GREAT NORTHERN BEANS - Medium-size, oval white bean with a delicate taste with a firm texture and tender creamy flesh. An excellent source of fiber and folate and a good source of iron. They are available canned or dried. They are used in baked bean dishes and soups. When Great Northern beans are not available, White Kidney Beans or Navy Beans are good substitutes.
To Cook - Bring to a boil, then simmer for 90 minutes to 2 hours. A nice addition to stews and salads.

KIDNEY BEAN, RED OR WHITE (Cannellini) - A large, kidney-shaped, deep reddish brown or white bean that has a bland taste with a soft texture. A good source of folate, fiber and iron. They are available fresh in the shell, dried, frozen, and canned. The beans can be cooked as their own dish or can be added into other dishes, such as chili, casseroles, refried beans, and salads. Dried beans require soaking before cooking.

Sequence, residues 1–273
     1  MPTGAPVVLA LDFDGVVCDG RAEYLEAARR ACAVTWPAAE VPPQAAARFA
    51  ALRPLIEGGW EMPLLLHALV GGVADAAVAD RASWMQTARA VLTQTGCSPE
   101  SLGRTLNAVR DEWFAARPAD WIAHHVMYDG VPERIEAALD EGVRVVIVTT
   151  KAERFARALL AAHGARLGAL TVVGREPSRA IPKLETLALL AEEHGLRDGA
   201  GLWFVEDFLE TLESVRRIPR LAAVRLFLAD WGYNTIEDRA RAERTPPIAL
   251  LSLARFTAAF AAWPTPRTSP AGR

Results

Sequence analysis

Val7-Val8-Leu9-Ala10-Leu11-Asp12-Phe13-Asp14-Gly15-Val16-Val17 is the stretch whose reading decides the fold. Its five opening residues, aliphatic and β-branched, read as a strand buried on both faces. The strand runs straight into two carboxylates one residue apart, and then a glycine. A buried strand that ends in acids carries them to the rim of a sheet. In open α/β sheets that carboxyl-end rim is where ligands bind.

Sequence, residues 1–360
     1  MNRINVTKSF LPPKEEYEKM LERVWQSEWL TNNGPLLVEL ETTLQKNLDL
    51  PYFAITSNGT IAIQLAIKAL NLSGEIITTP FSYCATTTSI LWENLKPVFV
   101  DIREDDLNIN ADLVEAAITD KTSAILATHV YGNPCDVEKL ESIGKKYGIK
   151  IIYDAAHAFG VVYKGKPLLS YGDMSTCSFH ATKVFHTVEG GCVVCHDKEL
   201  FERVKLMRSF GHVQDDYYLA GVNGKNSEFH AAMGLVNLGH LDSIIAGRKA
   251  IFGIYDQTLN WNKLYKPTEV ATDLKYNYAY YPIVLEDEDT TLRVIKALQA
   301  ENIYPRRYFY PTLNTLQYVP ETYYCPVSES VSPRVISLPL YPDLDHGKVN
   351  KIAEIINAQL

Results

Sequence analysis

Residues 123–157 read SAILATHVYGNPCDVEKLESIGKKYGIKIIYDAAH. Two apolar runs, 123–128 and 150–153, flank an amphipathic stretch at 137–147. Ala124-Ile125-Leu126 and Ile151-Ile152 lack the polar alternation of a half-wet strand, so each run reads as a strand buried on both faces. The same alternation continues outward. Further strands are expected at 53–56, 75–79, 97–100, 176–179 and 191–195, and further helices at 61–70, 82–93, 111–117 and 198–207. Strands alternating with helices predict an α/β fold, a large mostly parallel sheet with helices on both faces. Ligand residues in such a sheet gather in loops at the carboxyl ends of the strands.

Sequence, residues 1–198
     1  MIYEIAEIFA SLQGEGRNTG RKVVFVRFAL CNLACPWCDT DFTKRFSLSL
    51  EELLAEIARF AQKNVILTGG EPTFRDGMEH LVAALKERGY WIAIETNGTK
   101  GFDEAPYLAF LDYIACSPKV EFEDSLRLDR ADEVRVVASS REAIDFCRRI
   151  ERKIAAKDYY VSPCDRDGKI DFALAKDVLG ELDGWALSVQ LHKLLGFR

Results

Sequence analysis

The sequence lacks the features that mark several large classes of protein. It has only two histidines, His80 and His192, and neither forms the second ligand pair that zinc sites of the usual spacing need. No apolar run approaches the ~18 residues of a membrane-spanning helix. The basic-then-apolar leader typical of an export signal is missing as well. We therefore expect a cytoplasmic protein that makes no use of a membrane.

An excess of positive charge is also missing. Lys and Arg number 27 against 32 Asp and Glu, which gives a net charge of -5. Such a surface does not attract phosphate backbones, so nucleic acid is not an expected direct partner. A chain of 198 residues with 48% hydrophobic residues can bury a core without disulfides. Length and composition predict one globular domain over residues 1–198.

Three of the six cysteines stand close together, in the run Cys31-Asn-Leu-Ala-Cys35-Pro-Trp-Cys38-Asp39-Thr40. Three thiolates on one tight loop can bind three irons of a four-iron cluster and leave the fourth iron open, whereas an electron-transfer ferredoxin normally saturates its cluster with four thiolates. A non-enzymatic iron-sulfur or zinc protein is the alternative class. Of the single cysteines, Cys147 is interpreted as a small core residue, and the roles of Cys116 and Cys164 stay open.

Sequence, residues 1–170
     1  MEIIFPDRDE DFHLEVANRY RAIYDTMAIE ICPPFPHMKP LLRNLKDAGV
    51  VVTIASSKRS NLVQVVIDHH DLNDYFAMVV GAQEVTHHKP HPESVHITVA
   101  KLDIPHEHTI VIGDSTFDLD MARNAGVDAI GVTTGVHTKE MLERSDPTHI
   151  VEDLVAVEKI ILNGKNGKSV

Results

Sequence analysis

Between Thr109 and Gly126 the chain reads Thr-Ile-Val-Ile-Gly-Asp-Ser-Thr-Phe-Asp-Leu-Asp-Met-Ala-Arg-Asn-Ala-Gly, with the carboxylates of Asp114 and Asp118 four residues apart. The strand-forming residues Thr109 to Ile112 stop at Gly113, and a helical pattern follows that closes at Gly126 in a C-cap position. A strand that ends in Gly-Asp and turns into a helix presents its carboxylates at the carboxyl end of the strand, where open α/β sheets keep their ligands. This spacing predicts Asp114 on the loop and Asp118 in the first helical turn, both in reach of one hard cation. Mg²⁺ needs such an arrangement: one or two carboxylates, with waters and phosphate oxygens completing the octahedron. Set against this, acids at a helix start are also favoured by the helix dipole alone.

To Cook - Bring to a boil, then simmer for 90 minutes. A hit in southwestern chilies, soups and salads. White cannellini beans star in Italian stews and minestrone soups.

LENTILS - Small green, brown, or red legumes with a round, flat shape. Flavorful, with a firm texture. An excellent source of fiber, folate and phosphorous and a good source of iron. See About Lentils
To Cook - No need to presoak. Bring to a boil, then simmer for 30 to 40 minutes. Tasty in soups and stews; a terrific addition to salads.

LIMA BEANS - (Butter Beans) - Flat, oval, creamy white bean. The smallest dried ones have the mildest taste. Baby and regular size have a buttery, mushy texture. An excellent source of folate and fiber, and a good source of iron. They are available fresh in the shell, dried, frozen, and canned. This bean is commonly referred to as Calico, Madagascar, or Butter Beans, and are available as baby or mature beans.
To Cook - Bring to a boil, then simmer 45 to 60 minutes. Be careful not to overcook, as they disintegrate quickly. Good for soups and stews. Taste great with butter and herbs.

LUPINI BEANS - A large dried bean that is round in shape, white in color and similar to a Fava Bean. Native to Italy, the bean is soaked overnight and often marinated to remove the bitter taste. It is also known as Albus Lupin, White Lupin, European White Lupin, or Tremmocos.